Gretel in Her Ever After

Now in her late thirties, Gretel lives in a fashionable town house with her brother, Hansel. The house is built of red brick and has two bathrooms (his and hers, Gretel likes to say) and four bedrooms. Gretel uses one of the spare bedrooms as a storeroom. The other one is nominally a guest bedroom; in the ten years they’ve lived there, no one has ever stayed in it.

The town house is positioned on the outskirts of the same city the siblings grew up in. From the wide third floor balcony you can see the sprawl of the metropolis, its ugly grey towers rising beyond a brown belt of suburbia. The best views in their area are said to be of the Forest, a local attraction which is regularly featured in tourist brochures. Gretel and Hansel have agreed between themselves that they prefer the city’s predictable vistas to the Forest’s haunting and unknowable greenness.

For a living Gretel sells white goods, trading on the fame of her youth. She is the smiling poster-girl for fridges and washing machines, she pimps for dryers and dishwashers. And of course she sells ovens, a hundred different varieties and makes of oven: Westinghouses, Fisher & Paykels, Hillmarks, Sunbeams… She knows each oven’s specs by heart, and can reel them off like a savant counting primes. Customers are always impressed by her dedication.

Despite knowing everything about ovens, Gretel doesn’t cook. No one has ever taught her or her brother. It would be nice to think this omission is due to respect for the siblings’ famous history, but Gretel suspects that people simply forgot.


There are a lot of holes in Gretel’s knowledge of the world. These she fills with small hobbies like scrapbooking and calligraphy. Occasionally she reads the newspaper, but not with much interest. She has a computer that she uses for internet banking and filing her tax returns online, and her brother uses to disseminate his fat fetishist pornography.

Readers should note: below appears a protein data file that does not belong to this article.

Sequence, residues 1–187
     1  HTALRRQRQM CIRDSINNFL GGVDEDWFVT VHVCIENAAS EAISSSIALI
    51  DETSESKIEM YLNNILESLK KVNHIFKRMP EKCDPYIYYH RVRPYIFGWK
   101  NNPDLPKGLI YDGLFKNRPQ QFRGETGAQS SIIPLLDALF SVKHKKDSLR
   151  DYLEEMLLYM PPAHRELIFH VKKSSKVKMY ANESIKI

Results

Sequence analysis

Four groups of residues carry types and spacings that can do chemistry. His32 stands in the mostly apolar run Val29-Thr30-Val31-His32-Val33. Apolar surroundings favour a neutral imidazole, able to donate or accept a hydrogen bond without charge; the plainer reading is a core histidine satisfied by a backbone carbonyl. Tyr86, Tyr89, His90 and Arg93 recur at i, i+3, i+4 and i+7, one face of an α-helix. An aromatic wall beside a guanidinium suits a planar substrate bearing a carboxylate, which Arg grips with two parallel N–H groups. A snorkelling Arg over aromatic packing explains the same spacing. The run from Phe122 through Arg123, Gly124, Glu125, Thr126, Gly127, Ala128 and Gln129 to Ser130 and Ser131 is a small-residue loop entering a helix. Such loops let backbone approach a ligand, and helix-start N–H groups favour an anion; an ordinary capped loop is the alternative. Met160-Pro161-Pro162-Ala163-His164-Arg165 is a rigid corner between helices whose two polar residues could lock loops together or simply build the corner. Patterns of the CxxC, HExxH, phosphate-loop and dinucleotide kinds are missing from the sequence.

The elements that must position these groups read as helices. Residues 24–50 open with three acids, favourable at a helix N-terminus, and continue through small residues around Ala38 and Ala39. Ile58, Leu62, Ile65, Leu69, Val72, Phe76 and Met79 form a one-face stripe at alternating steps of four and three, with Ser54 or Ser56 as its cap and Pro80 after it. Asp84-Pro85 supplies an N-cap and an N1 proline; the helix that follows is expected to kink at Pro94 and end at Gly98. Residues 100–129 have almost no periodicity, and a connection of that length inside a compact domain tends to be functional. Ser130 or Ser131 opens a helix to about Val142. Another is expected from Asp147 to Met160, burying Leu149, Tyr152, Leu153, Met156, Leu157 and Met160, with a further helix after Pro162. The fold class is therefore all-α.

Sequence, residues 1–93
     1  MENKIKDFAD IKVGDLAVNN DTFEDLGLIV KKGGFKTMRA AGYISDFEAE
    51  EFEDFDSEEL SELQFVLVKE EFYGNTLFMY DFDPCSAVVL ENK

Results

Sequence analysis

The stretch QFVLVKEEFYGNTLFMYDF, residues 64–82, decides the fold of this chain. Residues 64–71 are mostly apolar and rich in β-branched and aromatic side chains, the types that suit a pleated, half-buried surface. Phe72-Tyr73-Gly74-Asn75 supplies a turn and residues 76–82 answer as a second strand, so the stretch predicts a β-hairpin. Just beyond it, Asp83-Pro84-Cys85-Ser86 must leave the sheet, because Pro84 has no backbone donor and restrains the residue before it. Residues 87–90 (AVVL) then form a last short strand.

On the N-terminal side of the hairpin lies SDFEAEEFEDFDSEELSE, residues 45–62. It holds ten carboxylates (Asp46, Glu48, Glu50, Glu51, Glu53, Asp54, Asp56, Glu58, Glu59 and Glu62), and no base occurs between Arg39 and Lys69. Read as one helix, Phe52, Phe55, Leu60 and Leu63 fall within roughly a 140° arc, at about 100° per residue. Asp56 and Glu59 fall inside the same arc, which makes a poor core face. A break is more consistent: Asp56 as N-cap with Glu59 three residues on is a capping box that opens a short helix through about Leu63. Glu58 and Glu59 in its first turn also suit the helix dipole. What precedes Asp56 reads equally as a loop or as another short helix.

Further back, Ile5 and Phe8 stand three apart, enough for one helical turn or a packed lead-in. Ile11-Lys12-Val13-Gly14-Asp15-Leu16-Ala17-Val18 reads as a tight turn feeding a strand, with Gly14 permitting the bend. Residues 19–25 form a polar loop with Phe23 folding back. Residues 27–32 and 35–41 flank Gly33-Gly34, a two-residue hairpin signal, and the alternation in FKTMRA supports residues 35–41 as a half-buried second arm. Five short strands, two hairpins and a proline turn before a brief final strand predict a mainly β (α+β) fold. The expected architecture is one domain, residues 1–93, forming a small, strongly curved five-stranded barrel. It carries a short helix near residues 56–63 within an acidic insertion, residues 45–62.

It’s hard for Gretel to remember a time when Hansel wasn’t fat, although she knows that before the witch he was as slim as she was. She suspects the witch awakened something in her brother, a primal, obscene greed for sweets. All day he gorges himself on chocolates and candies, carelessly dropping their wrappers behind him as he manoeuvres his great bulk through the house.

Like breadcrumbs, Gretel often thinks, as she picks up after him.

Hansel uses a webcam to do sex stuff for the internet, fat sex stuff, eating and burping and rubbing the gross rolls of his body. “More of me to love,” he says.

Gretel finds it repulsive. Not his fat—which in a way she understands–but his shameless exploitation of it. It feels like a betrayal of their past.

“You sell ovens for a living,” Hansel reminds her.

Lately Gretel has been noticing problems with her memory. She knows her story—the official story—and if she concentrates hard she can picture the events playing out. Hansel in a cage, the witch leaning into the oven. But there’s always something off about her memories, something that’s not right. Sometimes it’s Hansel pushing the witch into the oven. Sometimes the witch has an extra, cat-slit eye in the centre of her forehead. Sometimes the witch has a video camera.